Keep it clean. “There’s always a temptation to add stuff to the Web site, to load on the features,” Kuhlmann says. The Web team at ING Direct resists that urge. There are no menus that pop out from behind things, no animated flash movies.
Cheaper is better. ING Direct also resists adding a “chat now” button that would link customers to the call center. Why? “Our cost model doesn’t accommodate that,” CTO Rudy Wolfs says. “It’s a huge investment to train reps to be typists and to make sure that they respond quickly enough.” This year, the company launched a modest test of a chat application in one area of the site, where it has found that users sometimes get stuck in the process of applying for a home-equity loan. If it works, ING Direct may try chatting with users elsewhere on the site.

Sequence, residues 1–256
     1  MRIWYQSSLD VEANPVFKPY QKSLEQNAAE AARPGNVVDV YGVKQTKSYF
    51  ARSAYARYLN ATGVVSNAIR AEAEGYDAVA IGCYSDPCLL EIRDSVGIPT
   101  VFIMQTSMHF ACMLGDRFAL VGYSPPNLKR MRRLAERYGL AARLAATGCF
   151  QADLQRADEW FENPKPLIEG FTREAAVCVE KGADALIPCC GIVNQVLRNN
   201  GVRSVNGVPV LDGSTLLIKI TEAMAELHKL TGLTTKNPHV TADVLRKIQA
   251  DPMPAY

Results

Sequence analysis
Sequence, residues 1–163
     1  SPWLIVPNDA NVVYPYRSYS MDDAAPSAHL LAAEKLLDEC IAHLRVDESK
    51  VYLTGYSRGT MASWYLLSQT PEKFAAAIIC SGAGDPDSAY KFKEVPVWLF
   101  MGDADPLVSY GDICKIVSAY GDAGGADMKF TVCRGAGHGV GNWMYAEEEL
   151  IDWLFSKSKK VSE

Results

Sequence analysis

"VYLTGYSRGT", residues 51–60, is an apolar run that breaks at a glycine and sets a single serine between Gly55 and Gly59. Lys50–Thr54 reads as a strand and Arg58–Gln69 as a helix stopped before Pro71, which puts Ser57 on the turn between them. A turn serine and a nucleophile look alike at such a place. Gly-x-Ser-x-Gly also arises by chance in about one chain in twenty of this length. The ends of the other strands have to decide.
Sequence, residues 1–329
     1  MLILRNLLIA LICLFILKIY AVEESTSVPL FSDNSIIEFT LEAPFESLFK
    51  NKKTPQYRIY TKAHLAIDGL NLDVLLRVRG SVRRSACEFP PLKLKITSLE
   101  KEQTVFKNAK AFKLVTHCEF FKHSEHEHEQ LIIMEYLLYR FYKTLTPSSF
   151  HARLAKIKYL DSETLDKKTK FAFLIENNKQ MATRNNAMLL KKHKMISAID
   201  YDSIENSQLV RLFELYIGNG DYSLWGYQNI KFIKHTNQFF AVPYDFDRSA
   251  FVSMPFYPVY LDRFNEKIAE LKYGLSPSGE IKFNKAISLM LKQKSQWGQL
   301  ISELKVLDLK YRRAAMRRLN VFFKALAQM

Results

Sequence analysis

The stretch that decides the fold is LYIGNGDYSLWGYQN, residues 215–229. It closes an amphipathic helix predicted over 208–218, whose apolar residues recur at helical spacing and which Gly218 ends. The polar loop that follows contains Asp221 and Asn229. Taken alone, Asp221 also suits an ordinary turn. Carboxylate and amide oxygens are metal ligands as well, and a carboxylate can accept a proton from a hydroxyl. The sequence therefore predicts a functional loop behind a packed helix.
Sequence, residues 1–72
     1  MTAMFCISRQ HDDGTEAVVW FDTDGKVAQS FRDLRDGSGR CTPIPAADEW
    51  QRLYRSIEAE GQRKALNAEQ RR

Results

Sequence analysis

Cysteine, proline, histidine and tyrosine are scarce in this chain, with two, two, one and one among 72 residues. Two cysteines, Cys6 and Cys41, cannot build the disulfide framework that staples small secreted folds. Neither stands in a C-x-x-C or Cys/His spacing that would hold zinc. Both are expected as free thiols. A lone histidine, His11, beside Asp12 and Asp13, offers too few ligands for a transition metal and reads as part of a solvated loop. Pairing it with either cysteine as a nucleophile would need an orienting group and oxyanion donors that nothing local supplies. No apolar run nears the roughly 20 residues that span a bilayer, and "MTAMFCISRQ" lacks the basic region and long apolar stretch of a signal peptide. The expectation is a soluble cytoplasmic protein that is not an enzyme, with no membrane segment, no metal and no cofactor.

Numbers don’t lie. Internally, ING Direct tries to measure every aspect of its Web site: how long it takes reps to respond to customer emails, how long it takes each page to be sent to a user’s computer, and how often users give up in the middle of a process. “Tracking stats lets you solve small problems before they turn into major problems,” says Mike Florax, who oversees ING Direct’s command center.
Scott Kirsner (email@example.com) is a Fast Company contributing editor based in Boston. Learn more about ING Direct on the Web (www.ingdirect.com).